Sunday, February 06, 2011

CPE ROCKS ...

in the interests of saving you some reading 9/9 baby - oh yah.

The afternoon started with Jumpers - Brody's level 3 class was first. There were a couple of of course options and a wicked little serpentine but Brody handled them like the pro he is. Bing Bang Boom. Not quick (3.4 yps) but not slow either.

Sally's jumpers run (level 2) was next. Another nice course with less off course options but one long flowing line that sucked a few dogs off course. She flew it. She did pull one rail and I'm quite sure it was the new turf surface. She thought she could dig in coming out a tunnel, tried to and ended up a little flat. No real issue though you could see she wasn't happy with the rail. Fastest time in the class. 5.1 yps. Wowser.

Next was Fullhouse. In this crazy game you have to get 3 1 point obstacles, 2 3 point obstacles and one joker (5 point obstacle). The course was laid out with lots of options. I got a little unfocused with Brody as he was faster then I thought he'd be so we did an extra loop which worked out fine. He won his class with 25 points. Sally won her class with 31 points. Good dogs.

Brody's standard class was next. He nearly came off the side of the teeter - BRAT! I'm sure he cursed me too though as I sent him to the aframe saying "tunnel, no teeter, no tire - what is this thing called?" and he did it fine so I guess it was a little payback! SLOW start then he picked up. Good thing he's a vet!

Wildcard was next. I usually find wildcard boring. NOT these courses no way no how. Off course options. Three jumps with 5 feet between each one. Jumps inside of tunnel curves. Crazy. Fun. Make you work courses. I LOVED them. Sally ran hers in 4.8 yps. She is a GOOD dog. (Won her class and was the fastest on our course so I guess won the whole shebang) Brody won his class too though a little more slowly - once he hit the end of the course he BOOGIED. Trotted the first half though!

Last classes were snookers. I planned a conservative route for Brody being sure not to waste space as best I could. He was not in the mood to start and trotted for the first two reds and the 6 point repeat ... then he picked up. He squeaked by with his 32 points.
Overall he ran well and I was pleased he was having as much fun as he was. He is a very very good dog. Sally's snookers class was smoking. She ran FOOT perfect and fast - she had 10 seconds to spare and earned 46 points ... what an amazing girl she's proving to be.

Thursday, February 03, 2011

Wednesday, February 02, 2011

Thinking thinking thinking .. who has a fire extinguisher?


Working on goal setting and not sure which end to start with - little goals first or BIG goals first ... making myself crazy here so time to surf and watch videos I've never seen . (And share them of course)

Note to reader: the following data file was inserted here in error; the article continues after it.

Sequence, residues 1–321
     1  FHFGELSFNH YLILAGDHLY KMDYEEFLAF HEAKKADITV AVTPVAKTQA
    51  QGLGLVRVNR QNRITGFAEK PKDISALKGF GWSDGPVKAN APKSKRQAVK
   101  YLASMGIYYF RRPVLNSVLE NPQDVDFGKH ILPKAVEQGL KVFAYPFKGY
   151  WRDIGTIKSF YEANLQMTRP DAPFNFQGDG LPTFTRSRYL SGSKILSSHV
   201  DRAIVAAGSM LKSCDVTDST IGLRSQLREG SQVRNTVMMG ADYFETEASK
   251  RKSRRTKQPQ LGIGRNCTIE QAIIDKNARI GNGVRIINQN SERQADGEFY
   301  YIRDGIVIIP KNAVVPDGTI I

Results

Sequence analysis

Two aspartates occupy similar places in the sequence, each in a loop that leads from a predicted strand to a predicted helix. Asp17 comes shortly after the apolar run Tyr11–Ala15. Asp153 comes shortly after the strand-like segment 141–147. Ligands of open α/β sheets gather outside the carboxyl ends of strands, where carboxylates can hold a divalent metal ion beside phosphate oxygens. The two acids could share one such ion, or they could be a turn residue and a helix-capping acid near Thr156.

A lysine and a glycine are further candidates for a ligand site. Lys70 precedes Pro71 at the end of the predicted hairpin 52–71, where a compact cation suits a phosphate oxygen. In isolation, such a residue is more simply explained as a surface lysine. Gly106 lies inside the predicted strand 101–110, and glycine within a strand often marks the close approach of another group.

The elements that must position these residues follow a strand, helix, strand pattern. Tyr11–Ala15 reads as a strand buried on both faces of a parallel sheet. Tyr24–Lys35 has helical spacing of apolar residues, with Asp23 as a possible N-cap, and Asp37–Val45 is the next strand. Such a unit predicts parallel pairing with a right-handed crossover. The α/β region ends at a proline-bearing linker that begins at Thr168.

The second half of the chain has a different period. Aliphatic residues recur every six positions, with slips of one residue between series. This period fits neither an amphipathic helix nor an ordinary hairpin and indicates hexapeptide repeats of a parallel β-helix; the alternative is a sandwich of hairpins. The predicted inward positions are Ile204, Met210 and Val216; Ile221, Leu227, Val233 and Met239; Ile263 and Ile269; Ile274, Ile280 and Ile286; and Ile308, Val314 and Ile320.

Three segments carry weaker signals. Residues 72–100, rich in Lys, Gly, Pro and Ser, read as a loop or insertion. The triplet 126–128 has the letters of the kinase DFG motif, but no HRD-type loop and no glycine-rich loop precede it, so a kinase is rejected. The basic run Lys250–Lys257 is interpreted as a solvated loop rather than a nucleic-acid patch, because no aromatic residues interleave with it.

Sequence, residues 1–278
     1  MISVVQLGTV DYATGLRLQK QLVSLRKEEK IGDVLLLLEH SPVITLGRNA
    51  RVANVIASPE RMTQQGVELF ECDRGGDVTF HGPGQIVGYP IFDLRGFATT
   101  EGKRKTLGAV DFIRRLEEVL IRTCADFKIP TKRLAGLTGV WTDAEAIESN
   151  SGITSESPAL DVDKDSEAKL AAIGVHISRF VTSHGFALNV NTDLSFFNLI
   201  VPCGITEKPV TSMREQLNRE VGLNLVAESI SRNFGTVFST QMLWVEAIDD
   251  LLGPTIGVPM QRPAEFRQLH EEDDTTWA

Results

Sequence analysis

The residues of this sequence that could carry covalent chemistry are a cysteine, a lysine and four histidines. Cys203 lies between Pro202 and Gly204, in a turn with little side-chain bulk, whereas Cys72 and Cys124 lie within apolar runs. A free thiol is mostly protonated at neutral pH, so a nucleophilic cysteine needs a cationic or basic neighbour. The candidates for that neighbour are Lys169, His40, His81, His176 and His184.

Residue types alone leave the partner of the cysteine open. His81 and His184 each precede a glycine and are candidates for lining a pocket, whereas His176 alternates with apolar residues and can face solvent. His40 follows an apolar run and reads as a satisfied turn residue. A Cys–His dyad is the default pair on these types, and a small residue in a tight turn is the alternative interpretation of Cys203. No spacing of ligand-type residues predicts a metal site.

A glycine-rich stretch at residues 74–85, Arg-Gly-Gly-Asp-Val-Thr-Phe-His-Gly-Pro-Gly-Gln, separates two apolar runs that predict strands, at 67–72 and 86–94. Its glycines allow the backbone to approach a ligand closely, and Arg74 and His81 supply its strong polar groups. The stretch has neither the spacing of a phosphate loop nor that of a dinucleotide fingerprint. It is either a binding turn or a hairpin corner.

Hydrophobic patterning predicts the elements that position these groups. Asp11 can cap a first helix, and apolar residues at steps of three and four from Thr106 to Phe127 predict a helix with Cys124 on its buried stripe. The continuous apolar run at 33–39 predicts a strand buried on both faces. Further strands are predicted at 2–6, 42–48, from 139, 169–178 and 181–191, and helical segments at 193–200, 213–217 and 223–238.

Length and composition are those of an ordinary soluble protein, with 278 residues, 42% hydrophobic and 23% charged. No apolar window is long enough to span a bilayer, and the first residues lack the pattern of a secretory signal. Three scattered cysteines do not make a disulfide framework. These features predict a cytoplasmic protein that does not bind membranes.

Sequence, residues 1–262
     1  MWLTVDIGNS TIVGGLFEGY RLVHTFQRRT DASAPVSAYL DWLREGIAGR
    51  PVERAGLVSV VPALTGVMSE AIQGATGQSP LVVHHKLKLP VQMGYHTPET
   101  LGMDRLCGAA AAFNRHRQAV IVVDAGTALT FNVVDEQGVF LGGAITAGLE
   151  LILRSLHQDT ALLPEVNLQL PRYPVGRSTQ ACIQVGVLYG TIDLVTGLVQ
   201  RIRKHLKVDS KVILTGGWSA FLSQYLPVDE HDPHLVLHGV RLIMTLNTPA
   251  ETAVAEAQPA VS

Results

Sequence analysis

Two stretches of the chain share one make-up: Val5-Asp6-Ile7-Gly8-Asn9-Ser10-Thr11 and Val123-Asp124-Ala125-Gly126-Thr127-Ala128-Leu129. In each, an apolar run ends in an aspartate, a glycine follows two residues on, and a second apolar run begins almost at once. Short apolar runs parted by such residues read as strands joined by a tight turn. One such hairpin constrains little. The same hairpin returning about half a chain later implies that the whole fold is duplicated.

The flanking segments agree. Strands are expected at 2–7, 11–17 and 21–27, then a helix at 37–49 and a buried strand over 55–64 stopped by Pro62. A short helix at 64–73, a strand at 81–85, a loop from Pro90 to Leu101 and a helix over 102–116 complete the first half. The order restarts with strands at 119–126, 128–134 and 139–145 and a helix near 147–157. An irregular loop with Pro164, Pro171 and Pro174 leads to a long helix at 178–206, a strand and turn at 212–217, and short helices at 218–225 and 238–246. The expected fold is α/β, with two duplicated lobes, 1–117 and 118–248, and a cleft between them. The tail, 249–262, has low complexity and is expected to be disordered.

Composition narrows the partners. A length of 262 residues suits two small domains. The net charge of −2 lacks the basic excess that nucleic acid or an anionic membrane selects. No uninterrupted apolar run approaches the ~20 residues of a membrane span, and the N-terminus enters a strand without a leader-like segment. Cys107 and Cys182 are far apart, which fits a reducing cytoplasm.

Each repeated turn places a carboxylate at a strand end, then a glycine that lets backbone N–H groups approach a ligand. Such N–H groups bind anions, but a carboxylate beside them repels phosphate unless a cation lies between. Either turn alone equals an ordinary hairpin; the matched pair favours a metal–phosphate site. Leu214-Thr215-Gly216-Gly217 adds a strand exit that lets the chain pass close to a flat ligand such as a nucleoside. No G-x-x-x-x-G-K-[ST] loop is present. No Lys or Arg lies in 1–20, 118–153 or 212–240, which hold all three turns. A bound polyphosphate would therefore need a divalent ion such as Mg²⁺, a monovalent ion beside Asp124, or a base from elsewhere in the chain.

A really happy puppy playing/learning video - what a neat mix of play and work .. inspirational really. I love the reward behind for a stay - that's something I've said I'd do for ages but have yet to work into a session!


Easy, Snap, Maggie and Rumor doing some LAT, reorienting etc in a big open field. I 'gots me' some work to do ;) I think it's quite cute the way Rumour won't leave Leslie alone! Control Unleashed continues to influence my thinking. While every technique isn't for this group of dogs the overall principles fit nicely with my philosophy. Do I EVER use the relaxing on the mat with Miss Sally pants! Actually that would be a good snow day project. Time for Sampson to learn a go to place behaviour - or at least start it :)



This video truly is my all time favourite inspiration for working with Sally when she's high as a kite .. while I don't label anybody trying to work with their dog a "bad" trainer it does keep me motivated to hold consistent criteria and reward the good work I do get from the wild child. If Sally wasn't in my life my comprehension of this video would be minimal.

Weather Alert

From my work web site "Weather Alert
Due to the snow storm, all Your SB schools and offices are closed to staff and students for Wednesday, February 2. All after-school and evening activities are also cancelled. The safety and welfare of students and staff is a priority during these severe weather conditions. Please visit this site again for the latest information. "

My working life takes place in a large city (the fifth largest in North America) so students can often walk to school. That means, despite living in a snowy part of the world, we rarely get a snow day. So rarely it's only happened once (a December 13) in my MANY years of teaching, like back in 1994!

That year my hubby had an evaluation so we got up extra early and dug him out. He made it to his school just in time to hear that schools were closed. It took him something like 4 hours to get to work and back - it usually would have been about 45 minutes all together.

I went to a local grocery store (walking) and bought baking stuff and made cookies all day. It was a great and memorable way to spend the day. I doubt today will be as memorable but I'm guessing I'll be able to catch up on blogs a bit!! The dogs are already thrilled - I have weekend clothes on!